When Is A Lot, Too Much?

too much stuff






We live in times where more and more, what we owe defines who we are. Where to be someone you need to own certain things, climb the social ladder, buy that special rug, those uncomfortable and shiny shoes … But is this consumerist way of life really bringing happiness to mankind?

Psychologists and scientists seem divided.

On one side, a new article from the Journal of Consumer Psychology, states that there exists a (modest) correlation between money and happiness. According to the journal, if people spend money well, they are able to obtain happiness. The opinion goes that 

what hampers happiness is not the stress that comes with the money, but the consequences of bad spending.

On another note, according to Daniel Kahneman (who shared the Nobel Prize with a team of psychologists), money doesn’t bring happiness and actually hampers people to seize the small things.
On a direct quote:

“When someone reflects on how additional income would change [their sense of] well-being, they are probably tempted to think about spending more time in leisurely pursuits such as watching a large-screen plasma TV or playing golf. … By itself, this shift in time is unlikely to lead to much increase in experienced happiness.”

A link between both ideologies might be the “Easterlin paradox”. Named after economist and professor Richard Easterlin who studied the correlation between income and happiness. In a nutshell, Easterlin outlines that high incomes are linked with happiness, however in the long term, the correlation disappears.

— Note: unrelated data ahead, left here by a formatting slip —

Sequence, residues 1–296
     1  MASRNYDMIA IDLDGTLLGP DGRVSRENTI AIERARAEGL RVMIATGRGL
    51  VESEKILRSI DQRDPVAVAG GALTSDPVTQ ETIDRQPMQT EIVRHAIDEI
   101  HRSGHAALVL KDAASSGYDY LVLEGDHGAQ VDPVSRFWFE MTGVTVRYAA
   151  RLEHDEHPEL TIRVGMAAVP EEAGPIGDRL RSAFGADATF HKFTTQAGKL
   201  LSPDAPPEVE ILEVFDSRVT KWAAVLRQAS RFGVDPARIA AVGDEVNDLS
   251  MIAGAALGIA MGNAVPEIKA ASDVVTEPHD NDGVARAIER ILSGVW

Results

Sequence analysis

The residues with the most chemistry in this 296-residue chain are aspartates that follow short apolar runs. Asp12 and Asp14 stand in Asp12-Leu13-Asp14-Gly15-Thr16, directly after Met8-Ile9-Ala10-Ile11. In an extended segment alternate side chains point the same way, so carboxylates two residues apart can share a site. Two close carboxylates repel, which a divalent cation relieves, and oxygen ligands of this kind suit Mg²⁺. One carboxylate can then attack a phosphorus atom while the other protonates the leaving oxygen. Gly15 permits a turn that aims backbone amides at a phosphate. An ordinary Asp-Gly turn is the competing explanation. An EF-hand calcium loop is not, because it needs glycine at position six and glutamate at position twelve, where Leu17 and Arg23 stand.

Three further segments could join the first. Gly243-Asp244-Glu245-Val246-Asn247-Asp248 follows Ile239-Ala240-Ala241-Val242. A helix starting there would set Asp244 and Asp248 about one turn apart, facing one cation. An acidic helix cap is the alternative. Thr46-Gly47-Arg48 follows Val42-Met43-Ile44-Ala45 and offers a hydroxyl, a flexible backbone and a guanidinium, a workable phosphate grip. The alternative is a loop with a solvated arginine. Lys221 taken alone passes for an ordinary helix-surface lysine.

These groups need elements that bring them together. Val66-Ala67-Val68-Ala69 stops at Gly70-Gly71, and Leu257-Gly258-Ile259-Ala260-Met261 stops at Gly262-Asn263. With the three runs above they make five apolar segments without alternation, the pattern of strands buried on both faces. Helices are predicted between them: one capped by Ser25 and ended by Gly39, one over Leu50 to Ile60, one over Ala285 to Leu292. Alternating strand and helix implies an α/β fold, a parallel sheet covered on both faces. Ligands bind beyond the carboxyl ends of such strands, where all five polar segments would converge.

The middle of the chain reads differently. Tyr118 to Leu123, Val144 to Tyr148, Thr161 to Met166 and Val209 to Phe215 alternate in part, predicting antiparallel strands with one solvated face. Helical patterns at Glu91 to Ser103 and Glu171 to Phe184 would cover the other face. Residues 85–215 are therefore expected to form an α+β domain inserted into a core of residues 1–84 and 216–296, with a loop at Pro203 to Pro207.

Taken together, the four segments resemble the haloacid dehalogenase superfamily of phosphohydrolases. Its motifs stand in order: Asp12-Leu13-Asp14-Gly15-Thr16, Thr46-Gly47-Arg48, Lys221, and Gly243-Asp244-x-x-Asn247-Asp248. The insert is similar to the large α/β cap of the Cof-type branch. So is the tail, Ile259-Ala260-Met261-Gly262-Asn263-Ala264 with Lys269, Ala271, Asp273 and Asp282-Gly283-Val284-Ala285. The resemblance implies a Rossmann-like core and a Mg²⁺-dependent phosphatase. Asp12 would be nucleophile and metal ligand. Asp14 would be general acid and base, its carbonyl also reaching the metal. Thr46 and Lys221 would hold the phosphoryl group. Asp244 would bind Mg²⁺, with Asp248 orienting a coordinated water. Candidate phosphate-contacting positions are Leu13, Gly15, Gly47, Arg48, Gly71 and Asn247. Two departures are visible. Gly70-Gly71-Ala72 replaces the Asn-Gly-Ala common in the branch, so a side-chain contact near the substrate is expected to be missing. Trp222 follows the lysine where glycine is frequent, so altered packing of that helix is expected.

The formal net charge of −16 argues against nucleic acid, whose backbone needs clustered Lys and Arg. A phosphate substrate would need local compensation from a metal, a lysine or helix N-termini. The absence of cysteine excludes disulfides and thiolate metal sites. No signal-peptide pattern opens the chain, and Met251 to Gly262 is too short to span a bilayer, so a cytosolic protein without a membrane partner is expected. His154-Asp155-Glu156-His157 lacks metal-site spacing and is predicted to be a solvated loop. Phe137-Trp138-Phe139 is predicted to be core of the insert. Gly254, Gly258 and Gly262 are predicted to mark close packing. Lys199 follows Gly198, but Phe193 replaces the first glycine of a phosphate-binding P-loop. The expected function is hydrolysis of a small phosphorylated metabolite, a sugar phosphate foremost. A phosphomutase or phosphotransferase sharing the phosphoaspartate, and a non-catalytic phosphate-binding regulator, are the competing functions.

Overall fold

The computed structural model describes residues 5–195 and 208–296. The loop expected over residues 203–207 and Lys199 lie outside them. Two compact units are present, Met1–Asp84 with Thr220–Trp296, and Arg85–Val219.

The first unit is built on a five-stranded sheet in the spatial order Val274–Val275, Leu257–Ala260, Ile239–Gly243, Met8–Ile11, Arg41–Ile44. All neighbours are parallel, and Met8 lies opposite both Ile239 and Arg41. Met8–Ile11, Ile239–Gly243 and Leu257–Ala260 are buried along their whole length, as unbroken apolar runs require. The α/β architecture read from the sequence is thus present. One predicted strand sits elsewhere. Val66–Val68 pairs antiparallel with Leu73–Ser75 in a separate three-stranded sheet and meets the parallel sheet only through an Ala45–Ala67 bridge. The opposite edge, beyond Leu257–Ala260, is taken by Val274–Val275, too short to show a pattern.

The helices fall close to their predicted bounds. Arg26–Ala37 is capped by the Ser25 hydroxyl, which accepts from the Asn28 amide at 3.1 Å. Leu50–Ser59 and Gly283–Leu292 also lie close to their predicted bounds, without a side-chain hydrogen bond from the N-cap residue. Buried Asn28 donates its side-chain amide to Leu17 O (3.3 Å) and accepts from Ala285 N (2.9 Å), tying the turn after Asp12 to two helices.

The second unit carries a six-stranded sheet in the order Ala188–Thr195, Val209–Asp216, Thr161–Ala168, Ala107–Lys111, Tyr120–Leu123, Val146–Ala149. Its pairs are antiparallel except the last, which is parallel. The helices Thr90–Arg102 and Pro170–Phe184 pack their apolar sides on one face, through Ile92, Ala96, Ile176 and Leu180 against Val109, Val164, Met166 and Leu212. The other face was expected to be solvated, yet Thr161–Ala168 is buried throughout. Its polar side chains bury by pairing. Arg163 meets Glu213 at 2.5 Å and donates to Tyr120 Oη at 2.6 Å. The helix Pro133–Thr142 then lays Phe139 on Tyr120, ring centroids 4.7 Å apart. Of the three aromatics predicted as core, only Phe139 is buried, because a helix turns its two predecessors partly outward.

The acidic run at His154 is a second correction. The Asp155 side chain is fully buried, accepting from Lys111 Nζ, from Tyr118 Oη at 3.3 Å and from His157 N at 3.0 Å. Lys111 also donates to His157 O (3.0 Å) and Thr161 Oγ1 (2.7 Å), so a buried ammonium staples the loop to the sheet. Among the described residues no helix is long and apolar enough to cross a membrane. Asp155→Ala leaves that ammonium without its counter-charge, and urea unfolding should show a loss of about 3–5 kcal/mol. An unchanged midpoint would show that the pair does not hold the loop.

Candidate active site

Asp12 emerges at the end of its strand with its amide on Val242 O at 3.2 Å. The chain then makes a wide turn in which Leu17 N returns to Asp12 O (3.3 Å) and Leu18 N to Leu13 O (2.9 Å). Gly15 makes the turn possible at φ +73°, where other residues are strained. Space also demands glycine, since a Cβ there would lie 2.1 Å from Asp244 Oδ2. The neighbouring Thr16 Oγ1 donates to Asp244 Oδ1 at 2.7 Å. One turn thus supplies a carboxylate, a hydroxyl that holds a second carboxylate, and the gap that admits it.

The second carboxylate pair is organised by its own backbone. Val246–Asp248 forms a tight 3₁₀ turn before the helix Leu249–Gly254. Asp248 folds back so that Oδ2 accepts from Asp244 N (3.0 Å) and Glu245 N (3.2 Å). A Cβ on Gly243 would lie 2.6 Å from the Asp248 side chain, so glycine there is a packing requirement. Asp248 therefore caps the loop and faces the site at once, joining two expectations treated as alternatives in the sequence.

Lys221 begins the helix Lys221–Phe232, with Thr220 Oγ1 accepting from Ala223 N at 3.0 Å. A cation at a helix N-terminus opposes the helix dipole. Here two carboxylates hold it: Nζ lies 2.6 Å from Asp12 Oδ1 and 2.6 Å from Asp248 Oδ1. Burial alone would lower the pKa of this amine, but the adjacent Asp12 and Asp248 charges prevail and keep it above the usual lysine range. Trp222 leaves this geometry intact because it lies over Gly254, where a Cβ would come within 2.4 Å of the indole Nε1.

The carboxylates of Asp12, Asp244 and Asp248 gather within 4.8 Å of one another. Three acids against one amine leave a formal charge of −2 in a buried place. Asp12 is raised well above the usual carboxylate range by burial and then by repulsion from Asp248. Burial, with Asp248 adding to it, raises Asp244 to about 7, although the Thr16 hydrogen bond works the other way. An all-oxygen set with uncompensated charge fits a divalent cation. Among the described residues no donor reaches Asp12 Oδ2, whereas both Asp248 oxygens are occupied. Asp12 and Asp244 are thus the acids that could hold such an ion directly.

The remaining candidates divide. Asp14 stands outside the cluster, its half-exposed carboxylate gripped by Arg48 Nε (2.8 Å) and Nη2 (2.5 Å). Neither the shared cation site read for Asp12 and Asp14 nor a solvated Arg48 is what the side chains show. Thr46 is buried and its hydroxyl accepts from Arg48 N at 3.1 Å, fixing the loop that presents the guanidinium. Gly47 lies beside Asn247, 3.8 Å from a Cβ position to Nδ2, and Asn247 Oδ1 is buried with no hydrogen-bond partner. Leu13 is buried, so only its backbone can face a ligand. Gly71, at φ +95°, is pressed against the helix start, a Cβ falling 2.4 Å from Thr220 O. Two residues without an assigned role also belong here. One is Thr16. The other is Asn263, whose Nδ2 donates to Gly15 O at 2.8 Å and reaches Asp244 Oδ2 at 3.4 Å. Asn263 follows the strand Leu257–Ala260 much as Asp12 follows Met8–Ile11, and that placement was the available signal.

Lets take a look on how Graham Hill, a writer and designer makes his case regarding how less is actually more.




  • TED
  • Journal of consumer psychology
  • Easterlin, Richard A. (1974) “Does Economic Growth Improve the Human Lot?”
  • Kahneman, D. Science, June 30, 2006; vol 312: pp 1908-1910. News release, Princeton University


Video: Graham Hill: Less stuff, more happiness


Author Spotlight

Joao de Oliveira


Currently working as Supply Chain Manager at Procter & Gamble.

Technical University of Delft, The Netherlands (Erasmus) and a Masters in Computer Engineering at the Faculty of Engineering of Porto, Portugal.

Enjoys sports such as Windsurf, Running, Swimming, ... as well as spending time with friends / movies. Read Full

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